Organic Rankine Cycle
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International Journal of Ambient Energy, Volume 29, Number 1 January 2008
Energy and exergy analysis of an efficient organic Rankine cycle for low temperature power generation
S. M. Sami*
This paper presents and discusses the performance of an advanced Organic Rankine Cycle (ORC) using a heated chemical instead of steam as found in the typical Rankine Cycle. Chemicals used are the new quaternary refrigerant mixtures that are environmentally-friendly and have efficient thermodynamic properties at low and medium waste heat temperatures compared to other organic and non-organic fluids.
This mixture boils at extremely low temperatures and is capable of capturing waste heat at temperatures less than 150oF (65oC). The quaternary mixture is formulated from R-125/ R-123/R-124/R-134a and its composition can be varied to best recover heat at temperatures from less than 150oF (65oC) to 900oF (482oC). In this paper energy and exergy analysis have been presented for the behaviour of the quaternary refrigerant mixture in ORC and compared to other fluids.
Results showed that at this temperature range waste heat is recovered and power is produced at efficiencies significantly higher than other fluids. The results also showed that increasing the flue gas temperature increased the thermal energy dissipated at the turbine and converted to kinetic energy.
There is an urgent need for renewable energy sources. The renewable energy industry has experienced dramatic changes over the past few years. Deregulation of the electricity market failed to solve the industry’s problems. Also, unanticipated increases in localised electricity demands, and slower than expected growth in generating capacity, have resulted in an urgent need for alternative energy sources; particularly those that are environmentally sound.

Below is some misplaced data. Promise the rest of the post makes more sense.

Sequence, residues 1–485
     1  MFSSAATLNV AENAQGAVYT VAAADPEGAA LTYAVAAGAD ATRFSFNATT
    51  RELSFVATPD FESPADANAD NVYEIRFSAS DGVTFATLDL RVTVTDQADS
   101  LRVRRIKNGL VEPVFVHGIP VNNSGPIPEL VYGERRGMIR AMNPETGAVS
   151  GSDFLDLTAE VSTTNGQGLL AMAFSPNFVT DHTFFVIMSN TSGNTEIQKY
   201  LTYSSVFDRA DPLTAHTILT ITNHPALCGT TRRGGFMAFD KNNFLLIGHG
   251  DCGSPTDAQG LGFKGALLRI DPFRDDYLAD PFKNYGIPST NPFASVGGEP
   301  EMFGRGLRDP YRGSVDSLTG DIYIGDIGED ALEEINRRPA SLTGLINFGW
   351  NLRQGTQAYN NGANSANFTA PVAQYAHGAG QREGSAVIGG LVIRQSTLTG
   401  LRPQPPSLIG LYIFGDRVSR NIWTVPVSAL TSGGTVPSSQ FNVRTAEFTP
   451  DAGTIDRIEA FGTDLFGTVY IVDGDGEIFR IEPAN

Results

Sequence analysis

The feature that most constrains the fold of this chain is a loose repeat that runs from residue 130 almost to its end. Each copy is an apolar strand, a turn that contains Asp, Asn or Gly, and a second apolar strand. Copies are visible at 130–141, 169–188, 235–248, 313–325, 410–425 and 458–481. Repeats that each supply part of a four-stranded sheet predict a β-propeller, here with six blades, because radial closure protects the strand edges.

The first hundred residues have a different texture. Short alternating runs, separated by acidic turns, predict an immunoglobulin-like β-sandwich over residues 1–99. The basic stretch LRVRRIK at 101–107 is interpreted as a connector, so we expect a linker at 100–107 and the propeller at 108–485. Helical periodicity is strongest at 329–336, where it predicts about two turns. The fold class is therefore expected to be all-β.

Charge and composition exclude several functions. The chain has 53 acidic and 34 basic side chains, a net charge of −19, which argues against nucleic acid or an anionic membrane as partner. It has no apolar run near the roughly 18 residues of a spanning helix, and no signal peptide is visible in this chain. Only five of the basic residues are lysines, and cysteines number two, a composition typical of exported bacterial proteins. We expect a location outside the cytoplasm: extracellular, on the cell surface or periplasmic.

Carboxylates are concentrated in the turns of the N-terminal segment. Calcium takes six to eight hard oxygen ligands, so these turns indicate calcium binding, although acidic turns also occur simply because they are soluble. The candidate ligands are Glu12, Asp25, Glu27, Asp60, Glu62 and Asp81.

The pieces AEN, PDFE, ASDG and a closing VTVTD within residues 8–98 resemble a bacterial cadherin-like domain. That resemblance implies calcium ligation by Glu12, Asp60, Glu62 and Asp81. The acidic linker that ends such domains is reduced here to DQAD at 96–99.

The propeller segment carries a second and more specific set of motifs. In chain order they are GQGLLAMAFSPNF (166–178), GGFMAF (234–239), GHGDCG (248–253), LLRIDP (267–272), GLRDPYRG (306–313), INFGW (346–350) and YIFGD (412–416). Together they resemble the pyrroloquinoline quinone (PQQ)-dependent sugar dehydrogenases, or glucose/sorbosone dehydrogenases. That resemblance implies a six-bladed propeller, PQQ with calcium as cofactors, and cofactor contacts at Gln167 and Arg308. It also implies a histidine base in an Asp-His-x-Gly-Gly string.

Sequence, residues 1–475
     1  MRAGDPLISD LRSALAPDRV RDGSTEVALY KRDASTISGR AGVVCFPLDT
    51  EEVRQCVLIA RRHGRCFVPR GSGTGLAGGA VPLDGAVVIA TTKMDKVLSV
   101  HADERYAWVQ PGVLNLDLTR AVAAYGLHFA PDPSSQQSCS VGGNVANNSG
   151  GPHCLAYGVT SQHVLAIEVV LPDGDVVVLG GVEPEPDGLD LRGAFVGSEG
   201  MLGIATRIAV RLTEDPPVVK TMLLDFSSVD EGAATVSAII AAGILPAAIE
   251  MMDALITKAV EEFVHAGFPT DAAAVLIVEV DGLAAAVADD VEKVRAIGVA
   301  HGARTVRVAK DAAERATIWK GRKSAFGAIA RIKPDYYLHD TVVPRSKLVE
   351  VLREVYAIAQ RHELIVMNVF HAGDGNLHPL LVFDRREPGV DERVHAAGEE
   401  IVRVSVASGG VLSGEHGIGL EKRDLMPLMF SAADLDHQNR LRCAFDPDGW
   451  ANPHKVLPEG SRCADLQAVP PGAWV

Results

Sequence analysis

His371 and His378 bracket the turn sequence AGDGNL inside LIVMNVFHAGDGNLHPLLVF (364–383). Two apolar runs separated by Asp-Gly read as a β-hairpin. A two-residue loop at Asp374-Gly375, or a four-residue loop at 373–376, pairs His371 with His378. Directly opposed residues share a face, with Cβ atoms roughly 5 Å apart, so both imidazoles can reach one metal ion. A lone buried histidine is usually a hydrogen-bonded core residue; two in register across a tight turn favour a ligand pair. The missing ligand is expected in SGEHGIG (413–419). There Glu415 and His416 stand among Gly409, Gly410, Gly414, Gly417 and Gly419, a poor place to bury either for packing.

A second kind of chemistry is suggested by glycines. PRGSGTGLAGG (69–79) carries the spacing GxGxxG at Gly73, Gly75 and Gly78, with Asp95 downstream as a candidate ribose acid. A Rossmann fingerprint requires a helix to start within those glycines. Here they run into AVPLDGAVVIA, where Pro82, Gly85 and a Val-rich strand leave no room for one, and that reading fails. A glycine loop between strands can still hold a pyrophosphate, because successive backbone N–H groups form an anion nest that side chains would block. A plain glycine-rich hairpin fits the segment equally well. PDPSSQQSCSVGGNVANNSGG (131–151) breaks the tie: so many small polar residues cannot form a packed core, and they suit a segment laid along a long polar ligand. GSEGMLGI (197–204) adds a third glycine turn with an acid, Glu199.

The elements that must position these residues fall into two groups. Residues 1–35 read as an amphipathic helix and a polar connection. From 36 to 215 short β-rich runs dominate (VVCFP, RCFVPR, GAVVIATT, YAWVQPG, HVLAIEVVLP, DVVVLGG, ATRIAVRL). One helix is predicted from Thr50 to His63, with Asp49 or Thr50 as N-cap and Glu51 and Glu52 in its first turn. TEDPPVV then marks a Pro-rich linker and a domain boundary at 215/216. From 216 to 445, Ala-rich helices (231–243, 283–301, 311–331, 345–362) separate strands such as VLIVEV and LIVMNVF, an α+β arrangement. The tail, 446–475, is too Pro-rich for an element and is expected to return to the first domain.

Consequently, the renewable energy industry is in a far different situation compared to the period prior to the electricity market deregulation. Instead of struggling to compete in a competitive deregulated electricity market, renewable energy operators suddenly faced requests to accelerate deployment of new renewable energy capacities and restore facilities that had been closed due to poor economics.
Review of a renewable portfolio [1–5] may provide some assurance to long-term funding of renewable energy facilities and lead to a resurgence in new renewable energy facilities. However, a number of factors and issues will require development of these renewable energy facilities both in the short and long-term.
In the short term, there will be increasing pressure to deploy renewable energy facilities to help add generating capacity, improve system reliability, and stabilise electricity prices. However, the strategic installation of these renewable energy facilities will be hindered by a lack of
* Samuel M. Sami, Department of Mechanical Engineering, San Diego State University, 5500 Camponile Drive, San Diego, CA 92182. Professor on leave from University of Moncton,
All correspondence be addressed to: firstname.lastname@example.org © Ambient Press Limited 2008
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